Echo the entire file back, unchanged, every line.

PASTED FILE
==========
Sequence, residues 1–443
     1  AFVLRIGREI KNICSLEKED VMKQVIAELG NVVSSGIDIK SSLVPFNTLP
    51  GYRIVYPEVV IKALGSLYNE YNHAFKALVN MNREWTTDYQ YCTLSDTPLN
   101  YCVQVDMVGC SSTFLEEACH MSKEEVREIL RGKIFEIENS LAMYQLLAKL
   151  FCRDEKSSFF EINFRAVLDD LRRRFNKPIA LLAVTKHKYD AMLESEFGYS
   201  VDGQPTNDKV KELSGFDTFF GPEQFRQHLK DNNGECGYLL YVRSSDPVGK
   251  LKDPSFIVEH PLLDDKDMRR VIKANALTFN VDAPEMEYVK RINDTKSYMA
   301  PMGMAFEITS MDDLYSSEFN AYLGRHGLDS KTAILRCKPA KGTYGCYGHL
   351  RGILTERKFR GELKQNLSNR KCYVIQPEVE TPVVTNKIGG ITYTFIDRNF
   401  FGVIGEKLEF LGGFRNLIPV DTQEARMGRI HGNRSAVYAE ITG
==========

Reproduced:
Sequence, residues 1–443
     1  AFVLRIGREI KNICSLEKED VMKQVIAELG NVVSSGIDIK SSLVPFNTLP
    51  GYRIVYPEVV IKALGSLYNE YNHAFKALVN MNREWTTDYQ YCTLSDTPLN
   101  YCVQVDMVGC SSTFLEEACH MSKEEVREIL RGKIFEIENS LAMYQLLAKL
   151  FCRDEKSSFF EINFRAVLDD LRRRFNKPIA LLAVTKHKYD AMLESEFGYS
   201  VDGQPTNDKV KELSGFDTFF GPEQFRQHLK DNNGECGYLL YVRSSDPVGK
   251  LKDPSFIVEH PLLDDKDMRR VIKANALTFN VDAPEMEYVK RINDTKSYMA
   301  PMGMAFEITS MDDLYSSEFN AYLGRHGLDS KTAILRCKPA KGTYGCYGHL
   351  RGILTERKFR GELKQNLSNR KCYVIQPEVE TPVVTNKIGG ITYTFIDRNF
   401  FGVIGEKLEF LGGFRNLIPV DTQEARMGRI HGNRSAVYAE ITG